Then there was a study that we did that suggested maybe the problem wasn’t so bad, then there’s been new studies approved yes it was after all. So guess what? We were pressing it I guess. I’m happy to revisit it and something I’ll certainly speak to the City Council about because we’ve got a massive congestion problem and we’ve got a problem afflicting the yellow cabs and the folks who have – you’re right, they’ve worked their whole lives to have the value of that medallion, to see it plummet, is really tough on people and their families.
I think there is a lot to said for a cap, so let’s go back and look at that again, that’s something we’ll have to do with the City Council.
Robin: Okay, so also briefly, you feel that red light cameras, it’s not – you want it to be part of the – this is around school zones – you wanted it to be part of the state budget but there is still a session left until –
Mayor: Yeah and there’s going to be a fight in that session. Look, you know, I would have loved to seen the speed cameras in the budget. I think that would have been the right thing to do because it’s urgent, it’s a matter of safety, we just lost two children in the horrible tragedy in Park Slope, and we lost another child before that earlier in the year. I don’t know how many kids have to die before the legislators in Albany say okay of course we want cameras to stop speeding around schools.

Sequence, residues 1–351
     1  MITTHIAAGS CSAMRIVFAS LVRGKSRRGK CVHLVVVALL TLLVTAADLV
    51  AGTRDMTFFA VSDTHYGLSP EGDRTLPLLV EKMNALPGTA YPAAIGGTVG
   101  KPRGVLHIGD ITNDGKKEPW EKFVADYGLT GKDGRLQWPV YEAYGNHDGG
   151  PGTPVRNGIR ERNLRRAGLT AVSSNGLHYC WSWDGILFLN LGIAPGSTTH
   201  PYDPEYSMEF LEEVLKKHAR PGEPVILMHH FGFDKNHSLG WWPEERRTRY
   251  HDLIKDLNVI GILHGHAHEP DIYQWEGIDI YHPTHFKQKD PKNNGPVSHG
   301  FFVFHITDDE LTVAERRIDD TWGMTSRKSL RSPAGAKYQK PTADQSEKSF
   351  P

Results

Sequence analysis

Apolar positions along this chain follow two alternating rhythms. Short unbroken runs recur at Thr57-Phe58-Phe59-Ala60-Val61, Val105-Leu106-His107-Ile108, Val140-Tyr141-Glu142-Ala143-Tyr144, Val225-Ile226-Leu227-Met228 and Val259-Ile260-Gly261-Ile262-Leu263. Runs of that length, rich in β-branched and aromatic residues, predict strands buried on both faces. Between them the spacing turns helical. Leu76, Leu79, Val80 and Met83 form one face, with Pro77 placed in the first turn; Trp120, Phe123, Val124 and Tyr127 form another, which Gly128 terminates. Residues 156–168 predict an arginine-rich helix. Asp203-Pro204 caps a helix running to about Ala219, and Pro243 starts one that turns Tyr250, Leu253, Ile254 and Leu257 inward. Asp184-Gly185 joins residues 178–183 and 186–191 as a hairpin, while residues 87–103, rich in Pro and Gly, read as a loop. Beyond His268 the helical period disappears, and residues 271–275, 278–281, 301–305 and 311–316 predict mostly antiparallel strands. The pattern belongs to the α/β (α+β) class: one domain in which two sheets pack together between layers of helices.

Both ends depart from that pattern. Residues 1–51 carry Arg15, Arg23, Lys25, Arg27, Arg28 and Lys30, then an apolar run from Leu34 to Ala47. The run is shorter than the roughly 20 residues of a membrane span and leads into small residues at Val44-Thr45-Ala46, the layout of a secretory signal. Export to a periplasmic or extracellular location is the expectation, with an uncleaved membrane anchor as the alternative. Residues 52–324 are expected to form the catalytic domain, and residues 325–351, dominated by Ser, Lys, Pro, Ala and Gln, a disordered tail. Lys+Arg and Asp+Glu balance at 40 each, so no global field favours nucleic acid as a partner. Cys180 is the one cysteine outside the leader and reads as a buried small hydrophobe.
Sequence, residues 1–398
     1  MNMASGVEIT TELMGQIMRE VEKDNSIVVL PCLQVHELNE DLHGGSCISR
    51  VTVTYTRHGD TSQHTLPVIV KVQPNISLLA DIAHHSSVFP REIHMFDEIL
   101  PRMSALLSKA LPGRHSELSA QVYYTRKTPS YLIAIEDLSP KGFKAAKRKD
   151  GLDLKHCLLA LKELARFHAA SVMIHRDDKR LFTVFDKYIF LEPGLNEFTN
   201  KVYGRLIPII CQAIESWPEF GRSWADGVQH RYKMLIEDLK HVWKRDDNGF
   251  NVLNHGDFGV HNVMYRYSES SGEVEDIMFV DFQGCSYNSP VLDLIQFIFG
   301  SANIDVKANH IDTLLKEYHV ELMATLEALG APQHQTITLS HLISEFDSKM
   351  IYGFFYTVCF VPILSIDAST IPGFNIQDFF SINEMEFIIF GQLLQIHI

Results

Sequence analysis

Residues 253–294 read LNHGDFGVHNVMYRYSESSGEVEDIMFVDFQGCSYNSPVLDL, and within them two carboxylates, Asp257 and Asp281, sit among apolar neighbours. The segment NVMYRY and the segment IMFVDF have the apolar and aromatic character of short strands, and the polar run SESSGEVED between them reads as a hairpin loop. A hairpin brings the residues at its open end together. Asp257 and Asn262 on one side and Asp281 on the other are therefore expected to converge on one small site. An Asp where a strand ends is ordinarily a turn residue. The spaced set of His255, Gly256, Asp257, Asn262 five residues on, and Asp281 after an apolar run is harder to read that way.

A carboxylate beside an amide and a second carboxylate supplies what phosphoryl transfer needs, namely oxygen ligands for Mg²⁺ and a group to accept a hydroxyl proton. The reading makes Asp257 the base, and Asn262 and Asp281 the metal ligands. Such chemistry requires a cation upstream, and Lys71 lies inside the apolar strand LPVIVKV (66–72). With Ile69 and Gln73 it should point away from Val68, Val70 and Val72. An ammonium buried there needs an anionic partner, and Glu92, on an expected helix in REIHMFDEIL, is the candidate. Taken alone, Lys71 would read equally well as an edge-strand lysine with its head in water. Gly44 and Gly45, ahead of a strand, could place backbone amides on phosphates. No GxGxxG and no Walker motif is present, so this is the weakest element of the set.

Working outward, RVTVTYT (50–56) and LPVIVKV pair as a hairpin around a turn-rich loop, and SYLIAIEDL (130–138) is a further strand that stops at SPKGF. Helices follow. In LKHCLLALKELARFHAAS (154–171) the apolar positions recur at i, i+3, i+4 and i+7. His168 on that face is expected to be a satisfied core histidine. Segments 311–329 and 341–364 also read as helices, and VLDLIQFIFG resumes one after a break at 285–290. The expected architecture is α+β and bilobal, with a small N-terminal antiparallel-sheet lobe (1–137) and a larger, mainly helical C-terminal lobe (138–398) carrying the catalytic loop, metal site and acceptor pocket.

When there’s cameras around schools, speeding goes down 60 percent, that’s what we found, 60. So why not just do it. Put the politics aside, think about human life and protecting people. I think there should be a huge fight in the legislative session – excuse me – session. I think the families are going to go up there to Families for Safe Streets, who’ve been a very potent force, they are going to each and every senator and argue for this.
The assembly has been supportive, we got to move the senate. I think there will be big fights in the legislative session – electoral reform, which I am going to fight for very hard, 50a reform, and criminal justice reform, speedy trial, bail reform, there are so many pieces that we want to win in the legislative session. I think a lot will be on the table, but speed cameras is going to be the thing with the most intense feeling because it’s about saving the lives our children.
Robin: Right, okay, schools? The City now has to state what each school around the City gets according to state law. Is New York City being unfairly singled out?
Mayor: I think it’s something of a game. I think there’s a lot of politics behind it.
Robin: Who’s playing the game?
Mayor: Obviously the Governor’s part of it, the – look again, I never get that call that says how can we help you get the job done, what would make your life, as the City, work better. What would make the schools work better, what would make NYCHA look better, that never happens. A lot of politics, a lot of posturing, a lot of interference, a lot red tape, that’s what I get.
Robin: But why is it bad for City officials to say, oh you know, this P.S. whatever gets this much and P.S. whatever gets this much.